University of Illinois Extension


Barbara Larson
Unit Educator, Horticulture
Boone and Winnebago counties

Past Issues

Want to know when a new issue comes out? Sign up for eNews


Poinsettia is the most popular holiday flowering plant. The plant’s common name comes from Joel Poinsett, the first U.S. ambassador to Mexico, who introduced the plant to the U.S. in 1825.

In its native Guatemala and southern Mexico poinsettias are large shrubs or small trees. The showy "flowers" are actually a combination of bracts and cyathia. The bracts, which are modified leaves, appear to be colorful petals and the cyathia, which are the true flowers, create the yellow center.

In 1919 poinsettia was mistakenly labeled poisonous. The American Medical Association’s Handbook of Poisonous and Injurious Plants states eating poinsettia may cause occasional vomiting. Because poinsettia leaves are reported to be very bitter, most children and animals are discouraged from eating them. Poinsettias, as members of the Euphorbia family, produce a milky sap that may irritate the skin in some people.

For almost one hundred years the Ecke Poinsettia Ranch just north of San Diego has been the center of poinsettia breeding. Almost all the sizes and colors (pink, white, peach, yellow, freckled, or marbled) of poinsettias originated there.

When shopping for poinsettias look for a full robust plant with deep green leaves completely down the stem. Yellow or damaged leaves may indicate poor handling or a disease problem that will limit the life span of the plant. Check the plant from all sides. It should be well balanced with thick, stout stems.

Poinsettias rarely develop their full beauty in the home if bought early so look for mature plants. The bracts should be fully colored without green edges and lie horizontal. Little to no pollen should be seen on the yellow cyathia in the center.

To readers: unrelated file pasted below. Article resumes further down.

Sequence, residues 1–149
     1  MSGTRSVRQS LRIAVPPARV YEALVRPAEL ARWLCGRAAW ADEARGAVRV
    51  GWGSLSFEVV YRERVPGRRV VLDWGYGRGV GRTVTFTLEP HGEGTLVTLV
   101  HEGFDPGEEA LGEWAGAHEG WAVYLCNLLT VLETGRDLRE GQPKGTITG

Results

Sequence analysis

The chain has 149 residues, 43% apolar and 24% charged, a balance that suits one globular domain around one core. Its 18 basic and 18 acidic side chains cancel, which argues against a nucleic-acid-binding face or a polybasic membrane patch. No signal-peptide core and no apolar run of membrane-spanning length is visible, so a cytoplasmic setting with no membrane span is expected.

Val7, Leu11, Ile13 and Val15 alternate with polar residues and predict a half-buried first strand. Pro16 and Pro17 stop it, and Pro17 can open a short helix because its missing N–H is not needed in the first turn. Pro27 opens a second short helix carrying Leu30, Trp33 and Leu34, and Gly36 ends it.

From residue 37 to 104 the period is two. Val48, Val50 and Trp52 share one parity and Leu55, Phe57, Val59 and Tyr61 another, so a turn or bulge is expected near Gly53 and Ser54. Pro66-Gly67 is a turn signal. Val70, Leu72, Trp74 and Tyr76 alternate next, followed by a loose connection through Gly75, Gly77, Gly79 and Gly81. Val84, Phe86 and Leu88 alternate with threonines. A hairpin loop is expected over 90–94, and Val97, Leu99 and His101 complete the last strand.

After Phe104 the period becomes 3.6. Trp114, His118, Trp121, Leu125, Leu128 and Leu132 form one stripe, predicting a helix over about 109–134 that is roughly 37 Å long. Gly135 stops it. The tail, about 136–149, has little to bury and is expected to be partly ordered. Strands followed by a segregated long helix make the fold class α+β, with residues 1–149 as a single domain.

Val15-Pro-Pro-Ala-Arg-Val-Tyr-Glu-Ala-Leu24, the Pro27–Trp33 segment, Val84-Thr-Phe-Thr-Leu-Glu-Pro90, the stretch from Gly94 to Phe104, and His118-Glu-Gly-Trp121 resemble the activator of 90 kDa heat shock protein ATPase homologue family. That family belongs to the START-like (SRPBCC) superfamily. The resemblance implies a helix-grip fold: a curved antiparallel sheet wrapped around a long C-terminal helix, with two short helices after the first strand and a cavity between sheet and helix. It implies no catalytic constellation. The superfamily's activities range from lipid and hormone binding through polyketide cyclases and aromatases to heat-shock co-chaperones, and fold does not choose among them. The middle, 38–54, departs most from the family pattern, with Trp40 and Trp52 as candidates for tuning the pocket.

After choosing the perfect plant protect it from the cold during the trip home with paper or plastic. Tropical poinsettias are easily injured by our cold weather this time of year.

In the home, position your poinsettia near a bright sunny window; east, south, or west exposures are the best. Do not let any plant parts touch the cold windowpane because the cold temperature will damage them.

Poinsettias prefer temperatures of 65 - 70°F. Higher temperatures will cause the leaves to yellow and fall, and the bracts to fade early. Temperatures below 50°F. will cause leaf drop. Keep poinsettias out of cold drafts and away from heating sources.

Check the soil surface daily. If the surface is dry, water the plant thoroughly. You’ll know you added enough when water comes out of the drainage holes at the bottom of the pot. If the pot is in a saucer or enclosed in decorative foil, always drain the excess water in the saucer or foil to prevent root rot. Do not allow the soil to dry out or the poinsettia will wilt and loose its leaves.

Poinsettias should not be fertilized while they are blooming.

With proper care and the right environment, the showy bracts of poinsettias should last several months.

After the bracts fade, many people discard the plant because it is difficult to get poinsettias to rebloom. If you’d like the challenge, after the bracts fade in March or April cut the plant back to 8 inches tall. Keep in it in a sunny window, water regularly, and fertilize every two weeks with a well balanced complete fertilizer like 10-10-10. If the plant gets leggy, pinch it back to 6 inches in height.

In late spring, repot into a larger container using a potting soil high in organic matter. After minimum night temperatures exceed 50°F move the poinsettia to a partially shaded site outdoors. Water and fertilize regularly. Keep the plants pinched back to two sets of leaves per stem. Do not pinch after the first of August.

Bring the poinsettia indoors before the first fall frost. Keep in a sunny window at room temperatures of 65 - 70°F. Fertilize every two weeks.

Poinsettias are short day plants meaning they need short day length and long nights to initiate flower buds. Beginning in late September, the plant must have complete darkness from 5 p.m. until 8 a.m. Cover the poinsettia with a light-tight box or put it in a closet every night until color shows in the bracts. During the day the plant must have bright light. Night temperatures above 70-75°F or light during the dark period will prevent or delay flowering.

The wide variety of sizes and colors in poinsettias make them perfect holiday decorations whether in the home or office. With care, your lovely plant should last through the winter and even brighten next year’s holidays.

Past Issues

Want to know when a new issue comes out? Sign up for eNews